Today’s guest picture shows a gardener hard at work in Queen Mary’s garden in Regent’s Park. He was spotted by my sister Mary.
We had another beautiful day today and the present weather has certainly made up for the gloomy spell last week. Owing to failing to go to bed at a sensible time yesterday, we were both a little tired and took the morning very gently.
I had a chance to look at some pairs of things in the garden, both winged….
There were insects everywhere and especially on the red astrantia.
Mrs Tootlepedal is very happy about the Michaelmas daisies coming out as the cornflowers begin to fade in the bed on the edge of the drying green…..
…although this was almost by chance rather than deeply planned.
I was very happy to see a blackbird thinking about rowan berries….
..and finally taking a nibble.
Still, another blackbird gave me a second chance.
We gathered ourselves together about midday and drove off to Carlisle to do some shopping for things that cannot be found in Langholm. I packed the fairly speedy bike in the boot and after we had filled the shopping bags, I left Mrs Tootlepedal to drive home via a garden centre and set off to cycle home. It was a treat not to have to cycle round in a circle as I do when I set off from home.
To make the ride more interesting, I started off by going to the south, taking the bike path beside the river down to Dalston. It is a very pleasant path to ride, with a good surface for almost all of the way. I feared that it might be a slow business with pedestrians, other cyclists and dog walkers to negotiate but in the event, there were not too many other users and such dogs as I encountered were very well behaved.
From Dalston, I travelled across country, passing the 11th century church of St Giles on my way…
… to the Carlisle by-pass. My eye was caught by some brilliant rose hips at one of the roundabouts.
The by-pass has an excellent cycle path alongside it and with the wind mostly behind me, I was soon at the village of Rockcliffe, where I stopped for a moment to walk across a grassy patch to the banks of the River Eden just before it flows into the Solway Firth.
The gap in the trees along the right bank has been made to allow the owners of the house on the bank an uninterrupted view of the river.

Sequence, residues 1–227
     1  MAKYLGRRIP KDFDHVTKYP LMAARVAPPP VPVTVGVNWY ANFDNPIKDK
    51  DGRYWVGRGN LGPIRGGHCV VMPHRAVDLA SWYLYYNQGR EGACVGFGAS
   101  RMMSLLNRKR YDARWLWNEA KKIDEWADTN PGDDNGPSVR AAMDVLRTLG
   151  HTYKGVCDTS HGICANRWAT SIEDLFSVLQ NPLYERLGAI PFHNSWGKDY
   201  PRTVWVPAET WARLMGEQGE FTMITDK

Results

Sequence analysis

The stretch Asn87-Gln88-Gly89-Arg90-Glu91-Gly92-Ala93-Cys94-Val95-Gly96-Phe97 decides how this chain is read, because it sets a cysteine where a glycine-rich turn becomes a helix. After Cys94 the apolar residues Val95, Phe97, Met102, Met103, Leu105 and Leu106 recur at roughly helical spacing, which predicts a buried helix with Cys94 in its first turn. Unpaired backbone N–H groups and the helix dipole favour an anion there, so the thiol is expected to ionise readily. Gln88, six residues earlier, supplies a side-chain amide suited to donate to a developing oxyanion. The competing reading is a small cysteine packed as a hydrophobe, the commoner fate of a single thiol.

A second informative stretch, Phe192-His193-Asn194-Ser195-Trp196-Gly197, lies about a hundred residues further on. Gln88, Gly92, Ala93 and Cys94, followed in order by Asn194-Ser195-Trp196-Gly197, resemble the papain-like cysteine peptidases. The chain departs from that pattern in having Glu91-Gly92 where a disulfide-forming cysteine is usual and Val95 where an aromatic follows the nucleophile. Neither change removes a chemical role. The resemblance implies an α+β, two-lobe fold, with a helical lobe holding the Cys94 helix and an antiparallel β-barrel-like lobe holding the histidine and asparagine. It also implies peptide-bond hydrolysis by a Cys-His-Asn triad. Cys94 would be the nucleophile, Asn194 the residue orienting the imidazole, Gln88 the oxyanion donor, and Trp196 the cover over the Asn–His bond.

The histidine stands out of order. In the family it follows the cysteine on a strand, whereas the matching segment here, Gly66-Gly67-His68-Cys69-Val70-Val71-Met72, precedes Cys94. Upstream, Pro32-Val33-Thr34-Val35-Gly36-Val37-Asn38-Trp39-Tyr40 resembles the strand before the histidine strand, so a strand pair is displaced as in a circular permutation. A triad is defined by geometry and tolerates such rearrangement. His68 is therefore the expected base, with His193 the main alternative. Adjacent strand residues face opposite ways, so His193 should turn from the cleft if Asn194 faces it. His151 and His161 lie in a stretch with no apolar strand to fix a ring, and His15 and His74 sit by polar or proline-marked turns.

This was my view straight across the river.
Looking around me, I could see that the church at Rockliffe has been sensibly placed up on a bank to avoid the possibility of being flooded…
….and the road edge has been marked off with prettily decorated blocks to discourage motorists from driving on to what might be very soggy grass at some times of the year.
This is a spot well used to floods.
I pedalled on to Gretna where I paused for a banana and a look at what wild flowers were still about.
As I cycled up the back roads from Longtown to Langholm, I was able to enjoy the early autumnal views of golden fields near Englishtown…
…and a fine view of a heathery Whita seen from Tarcoon.
It was a grand day to be out but the downside of having the wind mostly behind me was that I wasn’t getting much cooling from the breeze and with the temperature in the sun being in the high 20s, I was well cooked by the time that I got home after 40 miles.
I didn’t have long to recover before it was time for tea. We have quite a lot of courgettes in the vegetable garden and Mrs Tootlepedal had been able to buy some polenta in Carlisle so she made some courgette fritters with polenta and feta to go with a beef stew which I had made for the slow cooker before we went to Carlisle. If you have a glut of courgettes, I can thoroughly recommend fritters with polenta and feta as a way of using them up. They were delicious.
In the evening, we went to see our local youth theatre group perform Bugsy Malone at the Buccleuch Centre. We are very fortunate that this group has worked hard at producing a steady stream of local youngster who can sing and act remarkably well and they made a very good effort at trying to make us forget the film.
The flower of the day is the lobelia which looks better all the time….
…and I even found a rather fuzzy flying bird in the garden when a sparrow flew off a compost bin to join the rest of its family on a nearby shed roof.